On 25 August 1920, three men of the Canterbury (NZ) Aviation Company conquered one of the first great barriers to New Zealand aviation. Cook Strait, which separates the North and South Island of New Zealand is not a vast expanse of water, but changeable winds and weather, as well as strong currents and an icy sea made it a significant obstacle to early aeroplanes. The story of the crossing is one of competition, courage, disappointment and luck, and marked the beginning of a new era in aviation in New Zealand.
New Zealand's aviation pioneers
During World War One, pilots were trained in New Zealand at two schools, before going on to military service in Great Britain. The first, The New Zealand Flying School (NZFS), was based at Kohimarama near Auckland and founded by brothers Leo and Vivian Walsh in 1915. Former Christchurch Mayor and visionary Henry Wigram founded the Canterbury (NZ) Aviation Company (CAC) in 1916 at Sockburn (later renamed ‘Wigram’ in his honour), just outside Christchurch. So, the aviation activities of each company were neatly divided between the North and South Islands. After World War One, the two flying schools found business hard. No longer having an income from military training, both gave joyrides, attended events and demonstrated their aircraft.
By 1920, the financial situation had worsened. Both aviation companies needed money and travelled their respective islands in an effort to raise revenue through flights and demonstrations. The NZFS sent a DH.6 biplane to Wellington, with Captain Richard Russell as pilot. They arrived on 19 August 1920 at the Hutt Park racecourse in Petone, where they were joined by aviation pioneer George Bolt, with an Avro 504K arriving by rail on 24 August. The intention was that Russell would fly the Avro to Marlborough and Nelson to widen their exposure and income as a company.
The activity in Wellington had not gone unnoticed, however. The CAC was now somewhat on the back-foot. The possibility of an incursion by their northern rivals into the South Island was of considerable concern. Hearing Russell was at Wellington on 20 August, a decision was made to beat the northerners to the prize. They also learned on 24 August that there were plans for a new proposed aviation firm based in Timaru, to be called the New Zealand Aero Transport Company. Something spectacular had to be done.
A plan is hatched
The plan was simple and the execution rapid. The CAC's Chief Pilot, World War One veteran Captain Euan Dickson, took off from Sockburn on 25 August 1920 at 7am, in an Avro 504K. Flying with him was C.H. Hewlett, Deputy Chairman of the Company, and mechanic J.E. Moore. They followed the coast north and landed at Kaikoura at 9.30am for a petrol stop, arriving at Blenheim at 11.50am.
History is made
The attempt on Cook Strait began at 12.55pm. Dickson recorded the flight in his logbook, which is now in the collection of the Air Force Museum of New Zealand:
“…followed coast to Arapawa Island and then across – only incident being cloud flying for about 10-15 minute at 6000 feet. Landed at Trentham Racecourse at 2:10pm.”
In an interview with the Press in 1970, marking the 50th anniversary of the flight, the 78 year-old Dickson recalled the primitive safety measures and risks of the flight:
“It was a haphazard style of flying in those days. We always gained as much height as possible. We crossed the straight at 6000 feet – and all the time I was keeping an eye on the coastline. If anything had gone wrong we would have had to take our chance and go down on the coast… I don’t know why we had no life jackets. It would have been a good idea when I think of landing in the Strait.”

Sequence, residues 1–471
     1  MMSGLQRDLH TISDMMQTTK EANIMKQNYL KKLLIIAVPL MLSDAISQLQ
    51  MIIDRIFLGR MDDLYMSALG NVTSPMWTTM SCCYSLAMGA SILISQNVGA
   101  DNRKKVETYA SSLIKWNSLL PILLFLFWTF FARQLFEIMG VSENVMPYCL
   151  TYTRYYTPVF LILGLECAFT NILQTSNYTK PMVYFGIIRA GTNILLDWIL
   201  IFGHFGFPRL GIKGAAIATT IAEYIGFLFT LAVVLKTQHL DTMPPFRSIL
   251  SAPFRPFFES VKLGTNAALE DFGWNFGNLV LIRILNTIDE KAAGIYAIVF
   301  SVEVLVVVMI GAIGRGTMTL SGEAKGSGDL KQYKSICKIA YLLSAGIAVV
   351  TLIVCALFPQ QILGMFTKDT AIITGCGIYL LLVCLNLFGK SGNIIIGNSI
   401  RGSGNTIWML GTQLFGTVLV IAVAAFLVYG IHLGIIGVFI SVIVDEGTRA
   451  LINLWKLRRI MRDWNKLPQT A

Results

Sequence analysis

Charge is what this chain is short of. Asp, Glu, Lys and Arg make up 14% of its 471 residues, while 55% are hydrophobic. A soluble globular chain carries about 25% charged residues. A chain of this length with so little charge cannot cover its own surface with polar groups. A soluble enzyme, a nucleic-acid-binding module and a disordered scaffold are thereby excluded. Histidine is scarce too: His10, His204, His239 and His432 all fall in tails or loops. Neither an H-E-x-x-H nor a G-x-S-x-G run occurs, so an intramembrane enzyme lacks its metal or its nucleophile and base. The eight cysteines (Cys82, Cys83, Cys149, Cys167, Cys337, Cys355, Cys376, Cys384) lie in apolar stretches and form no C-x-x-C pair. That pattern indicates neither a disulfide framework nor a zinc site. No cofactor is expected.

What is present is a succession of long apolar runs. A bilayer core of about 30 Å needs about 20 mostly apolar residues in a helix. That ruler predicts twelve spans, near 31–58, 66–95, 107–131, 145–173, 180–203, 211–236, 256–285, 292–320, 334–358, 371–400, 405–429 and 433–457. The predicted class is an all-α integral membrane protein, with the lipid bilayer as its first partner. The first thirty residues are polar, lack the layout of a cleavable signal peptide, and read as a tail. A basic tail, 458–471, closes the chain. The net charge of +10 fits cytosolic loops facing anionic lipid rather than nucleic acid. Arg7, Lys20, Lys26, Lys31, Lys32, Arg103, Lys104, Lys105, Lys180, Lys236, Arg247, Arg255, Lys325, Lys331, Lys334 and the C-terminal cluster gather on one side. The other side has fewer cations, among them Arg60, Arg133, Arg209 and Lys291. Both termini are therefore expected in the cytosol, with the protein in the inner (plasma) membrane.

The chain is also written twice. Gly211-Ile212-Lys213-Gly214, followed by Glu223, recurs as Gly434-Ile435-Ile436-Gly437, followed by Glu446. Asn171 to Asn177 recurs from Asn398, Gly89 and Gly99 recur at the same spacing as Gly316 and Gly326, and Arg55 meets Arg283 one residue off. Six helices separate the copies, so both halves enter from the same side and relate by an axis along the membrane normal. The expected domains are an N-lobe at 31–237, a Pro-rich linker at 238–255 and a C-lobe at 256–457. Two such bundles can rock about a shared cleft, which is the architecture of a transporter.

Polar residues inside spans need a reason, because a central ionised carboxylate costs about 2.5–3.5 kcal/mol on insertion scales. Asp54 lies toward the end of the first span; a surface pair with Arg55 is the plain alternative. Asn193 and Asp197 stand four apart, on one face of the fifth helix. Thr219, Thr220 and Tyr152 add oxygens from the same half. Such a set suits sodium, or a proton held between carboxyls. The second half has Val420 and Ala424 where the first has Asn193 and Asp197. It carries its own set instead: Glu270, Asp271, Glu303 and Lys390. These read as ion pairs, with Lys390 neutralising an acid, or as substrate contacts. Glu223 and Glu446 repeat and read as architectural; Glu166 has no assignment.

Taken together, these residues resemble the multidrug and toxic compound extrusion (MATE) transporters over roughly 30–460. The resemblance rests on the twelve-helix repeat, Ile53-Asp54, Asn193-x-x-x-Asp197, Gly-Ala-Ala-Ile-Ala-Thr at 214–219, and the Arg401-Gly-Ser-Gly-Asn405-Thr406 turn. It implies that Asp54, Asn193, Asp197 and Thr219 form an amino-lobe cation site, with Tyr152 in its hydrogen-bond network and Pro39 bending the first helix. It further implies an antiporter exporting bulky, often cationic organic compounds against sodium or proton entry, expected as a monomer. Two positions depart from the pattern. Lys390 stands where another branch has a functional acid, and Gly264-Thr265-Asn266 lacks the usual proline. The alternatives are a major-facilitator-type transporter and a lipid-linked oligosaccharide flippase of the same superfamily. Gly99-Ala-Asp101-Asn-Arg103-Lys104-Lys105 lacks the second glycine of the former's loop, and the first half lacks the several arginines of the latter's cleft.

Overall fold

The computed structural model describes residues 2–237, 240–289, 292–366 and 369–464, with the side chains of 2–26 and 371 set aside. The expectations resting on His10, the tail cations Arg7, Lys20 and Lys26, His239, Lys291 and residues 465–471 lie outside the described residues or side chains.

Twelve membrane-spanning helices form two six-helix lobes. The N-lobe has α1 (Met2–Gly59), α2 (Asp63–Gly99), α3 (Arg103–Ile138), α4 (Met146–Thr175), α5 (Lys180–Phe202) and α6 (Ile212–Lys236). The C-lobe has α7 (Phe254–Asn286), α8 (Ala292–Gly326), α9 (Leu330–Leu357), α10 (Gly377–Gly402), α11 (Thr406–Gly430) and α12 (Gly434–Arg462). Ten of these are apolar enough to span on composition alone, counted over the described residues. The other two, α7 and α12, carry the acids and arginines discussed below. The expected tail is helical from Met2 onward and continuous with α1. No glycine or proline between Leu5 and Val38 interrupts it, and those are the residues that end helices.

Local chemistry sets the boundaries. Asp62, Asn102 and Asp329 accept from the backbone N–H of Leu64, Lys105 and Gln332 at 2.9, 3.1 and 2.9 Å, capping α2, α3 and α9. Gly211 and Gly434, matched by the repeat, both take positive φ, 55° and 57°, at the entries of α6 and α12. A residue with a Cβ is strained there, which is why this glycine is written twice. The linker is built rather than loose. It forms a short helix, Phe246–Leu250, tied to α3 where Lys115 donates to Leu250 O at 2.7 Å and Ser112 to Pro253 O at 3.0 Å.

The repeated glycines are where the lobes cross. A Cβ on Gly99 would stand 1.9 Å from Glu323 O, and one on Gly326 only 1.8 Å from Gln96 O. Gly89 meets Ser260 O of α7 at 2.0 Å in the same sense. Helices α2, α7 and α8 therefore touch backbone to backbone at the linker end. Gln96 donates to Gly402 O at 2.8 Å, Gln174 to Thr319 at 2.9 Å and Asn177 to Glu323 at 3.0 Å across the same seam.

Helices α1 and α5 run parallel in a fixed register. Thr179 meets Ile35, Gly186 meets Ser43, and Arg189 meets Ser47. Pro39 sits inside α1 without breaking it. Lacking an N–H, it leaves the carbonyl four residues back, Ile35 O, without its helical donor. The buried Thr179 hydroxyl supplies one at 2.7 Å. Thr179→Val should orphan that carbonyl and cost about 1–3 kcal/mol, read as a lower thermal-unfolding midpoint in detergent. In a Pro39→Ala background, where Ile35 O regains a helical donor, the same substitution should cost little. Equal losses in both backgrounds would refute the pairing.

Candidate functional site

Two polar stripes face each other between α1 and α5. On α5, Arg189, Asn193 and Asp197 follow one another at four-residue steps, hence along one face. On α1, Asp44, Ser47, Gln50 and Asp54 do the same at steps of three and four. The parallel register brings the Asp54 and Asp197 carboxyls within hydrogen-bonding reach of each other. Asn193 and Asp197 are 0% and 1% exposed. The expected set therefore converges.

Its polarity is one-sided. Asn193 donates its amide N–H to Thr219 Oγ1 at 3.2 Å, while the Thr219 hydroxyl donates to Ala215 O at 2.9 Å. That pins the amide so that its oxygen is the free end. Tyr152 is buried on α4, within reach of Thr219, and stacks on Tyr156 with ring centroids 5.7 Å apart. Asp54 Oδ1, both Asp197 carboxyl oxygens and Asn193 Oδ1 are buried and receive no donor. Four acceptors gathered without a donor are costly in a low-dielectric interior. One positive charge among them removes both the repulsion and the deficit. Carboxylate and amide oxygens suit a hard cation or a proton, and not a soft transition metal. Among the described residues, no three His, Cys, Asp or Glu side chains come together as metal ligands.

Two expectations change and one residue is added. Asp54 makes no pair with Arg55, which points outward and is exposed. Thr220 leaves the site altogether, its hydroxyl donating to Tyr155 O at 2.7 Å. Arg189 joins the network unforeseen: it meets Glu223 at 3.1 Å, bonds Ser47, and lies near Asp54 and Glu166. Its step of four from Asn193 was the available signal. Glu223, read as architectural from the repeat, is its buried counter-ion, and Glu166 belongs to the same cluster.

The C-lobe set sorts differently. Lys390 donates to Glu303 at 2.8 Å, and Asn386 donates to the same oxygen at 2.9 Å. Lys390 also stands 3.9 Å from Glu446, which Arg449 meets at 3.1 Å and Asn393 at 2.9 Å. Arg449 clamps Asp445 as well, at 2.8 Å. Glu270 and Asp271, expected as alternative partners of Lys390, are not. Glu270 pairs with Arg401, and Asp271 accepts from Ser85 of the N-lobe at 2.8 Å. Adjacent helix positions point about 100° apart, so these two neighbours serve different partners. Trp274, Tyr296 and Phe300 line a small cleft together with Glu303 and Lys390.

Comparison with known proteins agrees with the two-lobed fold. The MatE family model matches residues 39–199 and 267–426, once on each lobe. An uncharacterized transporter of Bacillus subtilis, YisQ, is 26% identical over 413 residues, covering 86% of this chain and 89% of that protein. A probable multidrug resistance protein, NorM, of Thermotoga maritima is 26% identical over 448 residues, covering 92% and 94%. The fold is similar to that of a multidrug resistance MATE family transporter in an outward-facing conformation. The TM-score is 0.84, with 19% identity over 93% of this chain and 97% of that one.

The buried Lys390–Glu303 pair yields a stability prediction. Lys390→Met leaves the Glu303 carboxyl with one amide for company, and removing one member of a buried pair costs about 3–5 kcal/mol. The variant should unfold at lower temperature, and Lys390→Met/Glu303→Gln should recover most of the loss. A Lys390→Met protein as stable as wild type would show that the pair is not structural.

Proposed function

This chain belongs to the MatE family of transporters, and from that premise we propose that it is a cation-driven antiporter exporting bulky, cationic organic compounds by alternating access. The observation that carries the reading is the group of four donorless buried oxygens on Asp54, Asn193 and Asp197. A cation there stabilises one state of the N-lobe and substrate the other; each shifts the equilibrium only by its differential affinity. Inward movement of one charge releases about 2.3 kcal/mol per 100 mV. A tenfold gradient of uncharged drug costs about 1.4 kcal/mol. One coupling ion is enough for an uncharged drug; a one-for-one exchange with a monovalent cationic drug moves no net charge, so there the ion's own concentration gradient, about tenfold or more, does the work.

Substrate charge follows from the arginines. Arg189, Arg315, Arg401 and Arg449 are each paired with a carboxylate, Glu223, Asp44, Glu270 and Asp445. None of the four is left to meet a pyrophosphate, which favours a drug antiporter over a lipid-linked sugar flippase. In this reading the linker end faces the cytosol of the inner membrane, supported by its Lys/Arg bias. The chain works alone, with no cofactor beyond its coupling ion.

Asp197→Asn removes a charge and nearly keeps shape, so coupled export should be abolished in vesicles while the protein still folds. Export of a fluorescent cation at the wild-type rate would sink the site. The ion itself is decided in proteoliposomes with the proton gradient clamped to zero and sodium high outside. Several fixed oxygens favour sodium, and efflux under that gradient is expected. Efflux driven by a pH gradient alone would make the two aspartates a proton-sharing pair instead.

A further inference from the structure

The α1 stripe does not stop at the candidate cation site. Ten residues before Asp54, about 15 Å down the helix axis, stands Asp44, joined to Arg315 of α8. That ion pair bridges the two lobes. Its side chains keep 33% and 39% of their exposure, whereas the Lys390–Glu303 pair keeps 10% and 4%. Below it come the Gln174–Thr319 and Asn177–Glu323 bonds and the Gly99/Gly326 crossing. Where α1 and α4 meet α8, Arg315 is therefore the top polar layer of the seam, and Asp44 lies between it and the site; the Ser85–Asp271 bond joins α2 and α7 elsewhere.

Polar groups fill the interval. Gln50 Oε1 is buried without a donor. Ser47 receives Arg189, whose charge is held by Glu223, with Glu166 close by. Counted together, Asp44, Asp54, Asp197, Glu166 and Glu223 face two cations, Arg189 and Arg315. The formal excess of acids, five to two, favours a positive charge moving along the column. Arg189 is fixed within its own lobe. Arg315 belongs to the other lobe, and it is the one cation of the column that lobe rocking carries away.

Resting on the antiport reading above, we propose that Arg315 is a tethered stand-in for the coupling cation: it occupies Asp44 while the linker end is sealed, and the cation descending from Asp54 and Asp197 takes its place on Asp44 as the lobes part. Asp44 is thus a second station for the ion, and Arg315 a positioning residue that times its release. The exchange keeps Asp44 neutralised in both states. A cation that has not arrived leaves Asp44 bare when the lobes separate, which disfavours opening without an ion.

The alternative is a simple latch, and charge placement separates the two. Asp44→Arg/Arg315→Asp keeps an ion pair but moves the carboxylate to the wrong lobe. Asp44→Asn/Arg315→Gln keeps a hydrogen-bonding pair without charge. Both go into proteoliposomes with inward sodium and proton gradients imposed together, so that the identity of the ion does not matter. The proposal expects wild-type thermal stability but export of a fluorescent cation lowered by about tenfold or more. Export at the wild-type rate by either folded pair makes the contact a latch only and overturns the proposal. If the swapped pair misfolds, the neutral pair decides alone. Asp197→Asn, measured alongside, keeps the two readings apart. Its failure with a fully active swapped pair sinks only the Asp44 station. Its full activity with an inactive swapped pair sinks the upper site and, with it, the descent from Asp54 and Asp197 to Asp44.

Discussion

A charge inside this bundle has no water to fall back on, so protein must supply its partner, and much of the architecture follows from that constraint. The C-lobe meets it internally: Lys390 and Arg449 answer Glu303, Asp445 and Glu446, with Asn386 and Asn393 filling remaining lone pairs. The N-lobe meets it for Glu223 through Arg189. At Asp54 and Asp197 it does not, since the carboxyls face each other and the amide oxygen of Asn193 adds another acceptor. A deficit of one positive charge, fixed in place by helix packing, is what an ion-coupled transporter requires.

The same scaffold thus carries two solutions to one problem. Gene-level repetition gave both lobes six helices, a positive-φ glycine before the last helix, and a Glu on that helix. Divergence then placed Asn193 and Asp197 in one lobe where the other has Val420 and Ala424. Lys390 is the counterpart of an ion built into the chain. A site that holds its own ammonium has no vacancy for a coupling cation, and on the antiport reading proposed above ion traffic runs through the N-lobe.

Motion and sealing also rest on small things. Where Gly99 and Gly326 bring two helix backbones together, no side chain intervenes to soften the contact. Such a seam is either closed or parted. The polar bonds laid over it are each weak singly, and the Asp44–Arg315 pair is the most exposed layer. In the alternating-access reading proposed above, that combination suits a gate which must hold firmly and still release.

Landing at Trentham
Word was sent ahead of the flight and small fires were lit along the racecourse by the Trentham caretaker, Joseph Scott to guide Dickson into land, after he had put on a good show over Wellington; the unique sound of an aircraft overhead was enough even to draw politicians out of Parliament to watch the spectacle.
The NZFS staff, still assembling their Avro, witnessed Dickson pass overhead, much to their disappointment. Although friendly rivals, as kindred airmen, they were among the first to recognise the achievement. For them, the disappointment was later compounded by tragedy. The popular Richard Russell, who would have made their attempt, was killed just months later, on 11 November 1920 while flying passengers at New Plymouth.
The historic journey had taken over 7 hours, with the total flight time being 4 hours and 57 minutes. On board was also the country’s first official air mail between the South and North Islands, demonstrating the future potential for this method of delivery.
Fame and legacy
On 28 August, the CAC Avro returned to Blenheim and business as usual – making money. They stayed there until 4 September, during which time they made nearly 100 flights and carried 166 passengers, as well as performing some stunt flying. Dickson was already a well-known wartime flying ace, but the Cook Strait crossing was huge news across the land and gave him hero status. The New Zealand Times wrote:
“...the feat of Captain Dickson takes its place among the records of aviation. It is to New Zealand what Bleriot’s flight over the English Channel was to the whole world.”
The true importance of the flight may not have been fully appreciated at the time or by those involved. Dickson retired from professional aviation in 1943 to set up his own business. In 1970, commemorating 50 years since his epic flight, he commented:
“I never thought that flying would develop to the extent it has now”.
While perhaps eclipsed by Charles Kingsford Smith’s crossing of the Tasman eight years later, the first flight across Cook Strait represented a significant milestone in aviation in New Zealand, by conquering natural obstacles and showing the potential for future commercial air services.